AI, Data Protection & The ICO
The Information Commissioner’s Office (ICO) has published guidelines to help clarify how data protection principles apply to AI projects.
The guidance document (now a pdf available online on the ICO website) was produced by an associate professor in the Department of Computer Science at the University of Oxford and is aimed at those with a compliance focus e.g. data protection officers (DPOs), risk managers and ICO auditors, and at the many different technology specialists involved in AI. The guidance document is designed to act as a framework for auditing AI, focusing on best practices for data protection compliance and as “an aide-memoire to those running AI projects”. The ICO guidance document can be found here: https://ico.org.uk/media/for-organisations/guide-to-data-protection/key-data-protection-themes/guidance-on-ai-and-data-protection-0-0.pdf
The ICO document notes how there is a range of risks involved in using technologies that shift the processing of personal data to complex computer systems with often opaque approaches and algorithms. These risks could include the loss or misuse of the kinds of personal data that is required (in large quantities) to train AI systems or software vulnerabilities that are the result of adding AI-related code and infrastructure.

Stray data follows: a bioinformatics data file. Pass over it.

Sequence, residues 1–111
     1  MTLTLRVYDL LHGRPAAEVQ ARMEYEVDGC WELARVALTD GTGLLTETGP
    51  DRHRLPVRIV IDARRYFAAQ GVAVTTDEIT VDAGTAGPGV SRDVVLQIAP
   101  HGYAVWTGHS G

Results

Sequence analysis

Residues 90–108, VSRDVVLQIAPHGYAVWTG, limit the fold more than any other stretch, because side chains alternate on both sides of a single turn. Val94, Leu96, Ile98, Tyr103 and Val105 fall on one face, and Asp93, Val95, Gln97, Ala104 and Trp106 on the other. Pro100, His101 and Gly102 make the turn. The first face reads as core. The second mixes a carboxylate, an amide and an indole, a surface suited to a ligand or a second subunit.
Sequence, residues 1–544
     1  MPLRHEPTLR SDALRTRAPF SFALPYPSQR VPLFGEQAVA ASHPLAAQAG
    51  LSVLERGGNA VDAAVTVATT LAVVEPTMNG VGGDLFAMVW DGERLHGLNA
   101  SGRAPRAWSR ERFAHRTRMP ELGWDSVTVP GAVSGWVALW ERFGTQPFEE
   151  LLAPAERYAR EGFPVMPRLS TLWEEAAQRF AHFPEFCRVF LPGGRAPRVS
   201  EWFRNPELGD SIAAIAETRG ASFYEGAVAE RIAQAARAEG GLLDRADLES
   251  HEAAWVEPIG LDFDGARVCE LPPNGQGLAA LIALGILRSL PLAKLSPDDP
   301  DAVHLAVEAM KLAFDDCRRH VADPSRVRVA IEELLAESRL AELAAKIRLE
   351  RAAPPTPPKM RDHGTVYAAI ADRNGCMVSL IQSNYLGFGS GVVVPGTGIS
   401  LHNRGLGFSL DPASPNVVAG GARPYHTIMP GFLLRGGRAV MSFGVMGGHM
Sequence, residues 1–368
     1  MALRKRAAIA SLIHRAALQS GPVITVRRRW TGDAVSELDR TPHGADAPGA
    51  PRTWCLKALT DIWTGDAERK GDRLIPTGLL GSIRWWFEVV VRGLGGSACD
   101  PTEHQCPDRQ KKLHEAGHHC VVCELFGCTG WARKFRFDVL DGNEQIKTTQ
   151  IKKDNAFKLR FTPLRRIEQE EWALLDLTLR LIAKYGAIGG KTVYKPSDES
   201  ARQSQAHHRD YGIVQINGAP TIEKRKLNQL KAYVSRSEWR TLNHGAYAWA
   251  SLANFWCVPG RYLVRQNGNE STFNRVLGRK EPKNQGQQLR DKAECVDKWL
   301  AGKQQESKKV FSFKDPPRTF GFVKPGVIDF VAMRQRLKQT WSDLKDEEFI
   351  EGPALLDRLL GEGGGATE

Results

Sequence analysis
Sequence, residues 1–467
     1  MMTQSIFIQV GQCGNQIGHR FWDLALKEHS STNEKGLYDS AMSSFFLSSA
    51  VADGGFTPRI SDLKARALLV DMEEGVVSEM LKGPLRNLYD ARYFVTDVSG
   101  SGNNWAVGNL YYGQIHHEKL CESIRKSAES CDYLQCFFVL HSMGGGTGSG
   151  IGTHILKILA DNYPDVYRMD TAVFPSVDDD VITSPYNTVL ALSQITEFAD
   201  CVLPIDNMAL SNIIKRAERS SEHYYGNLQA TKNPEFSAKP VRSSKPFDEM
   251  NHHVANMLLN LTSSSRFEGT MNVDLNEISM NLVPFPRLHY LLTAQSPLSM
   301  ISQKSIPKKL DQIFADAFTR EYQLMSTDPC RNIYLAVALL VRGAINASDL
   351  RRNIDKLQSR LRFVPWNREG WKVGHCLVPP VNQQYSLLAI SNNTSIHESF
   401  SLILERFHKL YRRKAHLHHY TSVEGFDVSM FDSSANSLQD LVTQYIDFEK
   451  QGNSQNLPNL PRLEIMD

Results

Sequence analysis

With this in mind, the ICO has produced a set of guidelines that could help organisations involved in AI projects to mitigate those risks by being able to see how data protection principles apply to their AI project without detracting from the benefits the AI project could deliver.
The guidance document, which clarifies the distinction between a “controller” and a “processor” in an AI project and covers the kind of bias in data sets that leads to AIs making biased decisions, also seeks to provide vital guidance in areas related to the general legal principle of accountability (for data) and support and methodologies on how best to approach AI work. The document also seeks to cover aspects of the law that require greater thought, such as data minimisation, transparency of processing and ensuring individual rights around potentially automated decision-making.
The ICO points out that some aspects of this new guidance document are complemented by an existing ICO guidance document ‘Explaining decisions made with AI guidance’, published with the Alan Turing Institute in May 2020.
What Does This Mean For Your Business?
With more businesses now getting involved in AI projects, and with AI requiring, for example, large amounts of personal data to ‘train’ AI systems, and with the algorithms involved being so complicated, expert guidance of how to mitigate the data protection risks will, no doubt, be welcomed. Having an AI auditing framework to hand could help businesses to avoid potentially costly data protection law breaches and could help them to approach and manage AI projects in a way that promotes best practice.